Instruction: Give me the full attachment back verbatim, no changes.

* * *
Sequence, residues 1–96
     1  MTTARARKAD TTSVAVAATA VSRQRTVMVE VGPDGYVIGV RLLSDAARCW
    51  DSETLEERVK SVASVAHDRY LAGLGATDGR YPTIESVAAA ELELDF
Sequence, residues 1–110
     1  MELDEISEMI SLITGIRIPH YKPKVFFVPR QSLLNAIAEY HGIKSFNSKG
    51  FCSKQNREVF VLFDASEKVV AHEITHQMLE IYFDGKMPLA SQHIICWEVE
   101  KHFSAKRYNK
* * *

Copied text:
Sequence, residues 1–96
     1  MTTARARKAD TTSVAVAATA VSRQRTVMVE VGPDGYVIGV RLLSDAARCW
    51  DSETLEERVK SVASVAHDRY LAGLGATDGR YPTIESVAAA ELELDF
Sequence, residues 1–110
     1  MELDEISEMI SLITGIRIPH YKPKVFFVPR QSLLNAIAEY HGIKSFNSKG
    51  FCSKQNREVF VLFDASEKVV AHEITHQMLE IYFDGKMPLA SQHIICWEVE
   101  KHFSAKRYNK